The mind, lulls you into a false sense of complacence this way, making you reject something that tracks the market much close fashion compared to something that tracks events from far away. For a common investor, it is very difficult to know what is the margin at which OMCs are operating on with regard to the premixing of ethanol to petrol. There are too many moving parts. With price of petrol at 80 adding ethanol from C-heavy molasses will create a larger margin as compared to adding it from B-heavy molasses. Also, price of petrol waxing and waning will have a say on how much margin the OMCs make form this addition. Then it depends on production of ethanol by domestic sugar companies themselves. It then moves into how much does this ethanol sales offset the losses from sugar business. And how much do the Omc take up from the sugar mills. See, now it gets more complicated and it is quite unlikely that all these diverse pieces of information shall flow to you in a timely manner. So, is your sense of complacence with knowing the fundamentals really appropriate?

Now check what the technical side does. Depending on how matters flow at the company level (separately for the Omc and sugar companies), their prices will rise or fall, their oscillators will strengthen or fizzle out, their attack on resistance will succeed or fail, their test of supports will work or not, their candle patterns will turn bullish, bearish or flat. All these can help us decide whether one should be targeting sugar stocks or the OMCs!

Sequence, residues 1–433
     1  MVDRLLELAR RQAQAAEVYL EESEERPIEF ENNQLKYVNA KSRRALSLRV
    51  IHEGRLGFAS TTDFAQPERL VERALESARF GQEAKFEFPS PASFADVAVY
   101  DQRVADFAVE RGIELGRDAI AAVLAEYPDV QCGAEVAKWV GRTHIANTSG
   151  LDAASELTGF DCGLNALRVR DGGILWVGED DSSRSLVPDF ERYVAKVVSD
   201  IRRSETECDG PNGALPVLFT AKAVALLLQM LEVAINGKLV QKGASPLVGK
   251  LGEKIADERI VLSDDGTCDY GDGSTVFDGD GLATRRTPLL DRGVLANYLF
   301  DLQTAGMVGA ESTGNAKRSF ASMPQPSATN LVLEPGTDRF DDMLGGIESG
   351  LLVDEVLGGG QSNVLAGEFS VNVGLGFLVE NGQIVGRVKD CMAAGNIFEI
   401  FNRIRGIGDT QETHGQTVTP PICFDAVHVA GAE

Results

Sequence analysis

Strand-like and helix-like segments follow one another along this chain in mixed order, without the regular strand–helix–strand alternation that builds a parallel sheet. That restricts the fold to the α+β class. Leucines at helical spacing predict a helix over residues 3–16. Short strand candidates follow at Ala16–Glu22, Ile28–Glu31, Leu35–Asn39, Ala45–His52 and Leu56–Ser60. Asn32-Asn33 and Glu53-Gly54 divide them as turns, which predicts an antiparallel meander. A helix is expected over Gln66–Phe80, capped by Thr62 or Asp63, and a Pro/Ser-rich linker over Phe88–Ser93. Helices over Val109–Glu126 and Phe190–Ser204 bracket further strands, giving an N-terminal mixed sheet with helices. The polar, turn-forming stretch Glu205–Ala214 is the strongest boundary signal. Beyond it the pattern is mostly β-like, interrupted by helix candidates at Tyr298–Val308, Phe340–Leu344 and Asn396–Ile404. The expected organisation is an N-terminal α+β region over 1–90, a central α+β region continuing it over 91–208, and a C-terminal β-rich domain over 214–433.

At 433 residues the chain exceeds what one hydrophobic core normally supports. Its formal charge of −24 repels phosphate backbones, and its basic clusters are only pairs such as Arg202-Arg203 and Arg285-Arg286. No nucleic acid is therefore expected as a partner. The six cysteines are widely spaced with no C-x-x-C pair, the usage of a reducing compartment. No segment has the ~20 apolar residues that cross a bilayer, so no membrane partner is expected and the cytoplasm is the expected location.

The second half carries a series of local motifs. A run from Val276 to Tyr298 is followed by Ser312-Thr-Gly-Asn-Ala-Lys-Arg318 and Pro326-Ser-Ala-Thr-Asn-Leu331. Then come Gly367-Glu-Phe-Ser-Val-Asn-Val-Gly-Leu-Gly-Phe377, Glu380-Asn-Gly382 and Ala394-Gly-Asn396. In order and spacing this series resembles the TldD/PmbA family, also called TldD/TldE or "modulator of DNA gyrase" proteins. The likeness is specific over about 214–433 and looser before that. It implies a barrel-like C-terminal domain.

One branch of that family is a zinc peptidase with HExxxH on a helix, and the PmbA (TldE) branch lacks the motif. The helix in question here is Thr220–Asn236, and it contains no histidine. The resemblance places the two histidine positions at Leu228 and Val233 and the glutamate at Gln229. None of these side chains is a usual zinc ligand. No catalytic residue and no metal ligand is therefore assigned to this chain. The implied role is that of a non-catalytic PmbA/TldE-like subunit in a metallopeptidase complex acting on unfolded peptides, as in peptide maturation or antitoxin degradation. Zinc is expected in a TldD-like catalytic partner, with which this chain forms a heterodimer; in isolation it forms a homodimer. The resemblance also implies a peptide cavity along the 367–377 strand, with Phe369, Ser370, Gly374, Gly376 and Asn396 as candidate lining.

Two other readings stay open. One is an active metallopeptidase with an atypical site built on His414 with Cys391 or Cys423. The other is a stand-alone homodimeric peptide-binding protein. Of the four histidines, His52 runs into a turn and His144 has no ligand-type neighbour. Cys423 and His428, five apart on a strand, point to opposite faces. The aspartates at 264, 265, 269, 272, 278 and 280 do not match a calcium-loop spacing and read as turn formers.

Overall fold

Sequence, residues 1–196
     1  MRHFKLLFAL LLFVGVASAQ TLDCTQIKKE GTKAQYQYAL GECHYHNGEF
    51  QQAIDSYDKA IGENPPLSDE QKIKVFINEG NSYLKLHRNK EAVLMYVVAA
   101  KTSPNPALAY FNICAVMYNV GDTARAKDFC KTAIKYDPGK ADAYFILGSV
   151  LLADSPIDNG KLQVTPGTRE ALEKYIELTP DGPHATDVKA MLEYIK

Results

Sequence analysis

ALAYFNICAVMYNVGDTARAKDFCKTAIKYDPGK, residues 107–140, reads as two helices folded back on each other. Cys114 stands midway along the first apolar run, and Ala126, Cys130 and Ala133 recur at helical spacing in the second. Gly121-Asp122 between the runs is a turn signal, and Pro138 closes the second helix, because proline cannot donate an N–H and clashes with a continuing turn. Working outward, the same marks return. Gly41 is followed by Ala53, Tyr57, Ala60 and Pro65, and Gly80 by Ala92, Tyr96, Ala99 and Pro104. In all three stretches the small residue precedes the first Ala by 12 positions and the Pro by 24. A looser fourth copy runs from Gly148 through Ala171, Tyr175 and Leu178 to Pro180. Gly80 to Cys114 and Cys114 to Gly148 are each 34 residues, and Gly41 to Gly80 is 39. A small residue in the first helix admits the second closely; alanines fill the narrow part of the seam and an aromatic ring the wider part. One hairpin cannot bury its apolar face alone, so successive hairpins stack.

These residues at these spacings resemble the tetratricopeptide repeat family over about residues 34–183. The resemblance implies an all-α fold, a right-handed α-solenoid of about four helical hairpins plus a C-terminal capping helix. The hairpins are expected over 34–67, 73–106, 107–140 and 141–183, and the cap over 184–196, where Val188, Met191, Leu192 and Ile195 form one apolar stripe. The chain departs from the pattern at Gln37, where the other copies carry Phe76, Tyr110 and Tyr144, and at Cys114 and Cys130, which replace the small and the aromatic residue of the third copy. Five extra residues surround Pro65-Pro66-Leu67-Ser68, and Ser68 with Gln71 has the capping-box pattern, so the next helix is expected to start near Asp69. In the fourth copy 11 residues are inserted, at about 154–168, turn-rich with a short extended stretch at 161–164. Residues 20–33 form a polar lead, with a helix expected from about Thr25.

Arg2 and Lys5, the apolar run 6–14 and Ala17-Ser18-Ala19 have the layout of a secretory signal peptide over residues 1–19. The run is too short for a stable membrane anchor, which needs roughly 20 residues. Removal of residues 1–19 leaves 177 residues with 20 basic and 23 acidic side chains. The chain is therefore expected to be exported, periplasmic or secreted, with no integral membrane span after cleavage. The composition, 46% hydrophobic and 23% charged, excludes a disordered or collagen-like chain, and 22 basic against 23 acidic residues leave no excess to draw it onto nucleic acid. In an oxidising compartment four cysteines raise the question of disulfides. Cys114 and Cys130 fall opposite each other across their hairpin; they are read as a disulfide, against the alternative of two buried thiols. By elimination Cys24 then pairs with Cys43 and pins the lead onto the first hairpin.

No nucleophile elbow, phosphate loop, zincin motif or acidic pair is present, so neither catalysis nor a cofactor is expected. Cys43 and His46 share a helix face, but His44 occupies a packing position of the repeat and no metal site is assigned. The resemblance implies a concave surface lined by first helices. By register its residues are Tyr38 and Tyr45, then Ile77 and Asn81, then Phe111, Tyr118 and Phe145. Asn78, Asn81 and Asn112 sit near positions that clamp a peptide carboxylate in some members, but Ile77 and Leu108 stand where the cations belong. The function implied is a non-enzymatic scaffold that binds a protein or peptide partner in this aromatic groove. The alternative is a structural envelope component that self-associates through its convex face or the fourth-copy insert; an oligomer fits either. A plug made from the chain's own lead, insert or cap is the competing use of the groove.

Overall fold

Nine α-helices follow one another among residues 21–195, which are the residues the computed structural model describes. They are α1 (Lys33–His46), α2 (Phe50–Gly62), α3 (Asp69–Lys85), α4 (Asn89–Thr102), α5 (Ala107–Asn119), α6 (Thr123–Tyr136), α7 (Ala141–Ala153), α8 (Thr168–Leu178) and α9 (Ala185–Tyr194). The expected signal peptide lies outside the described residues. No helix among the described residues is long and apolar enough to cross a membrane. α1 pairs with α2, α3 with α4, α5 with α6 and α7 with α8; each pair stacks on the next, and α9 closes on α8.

Now, all these are going to happen whether you as an investor know the reasons behind these events occurring- therein lies the key to the understanding of this matter. That events can occur without our being able to know them in time to do something about them is an aspect of market trading that we need to accept.
Relying purely on fundamental knowledge therefore becomes very difficult the more you engage the market. It is ok for those who are working the market from a distance. This is one of the reasons that FA practitioner advocate longer term investing- because the approach cannot be practiced in the short term. TA, on the other hand, can work thru every time frame- so long as you don’t demand an explanation for every squiggle that occurs in the market. It is only our rational mind that demands this. If you learn to quell that, you will find it a lot easier to accept what the charts are saying and hence be able to understand the technical concepts more easily. With understanding comes acceptance. With acceptance comes practice. And, with practice comes perfection and results.

They say that one needs to know more than one language these days to succeed in the modern world. The same can also be said about the market. FA is one language. To succeed, it would be a lot better if one learned the other language of the market as well- technical analysis.

Leave a reply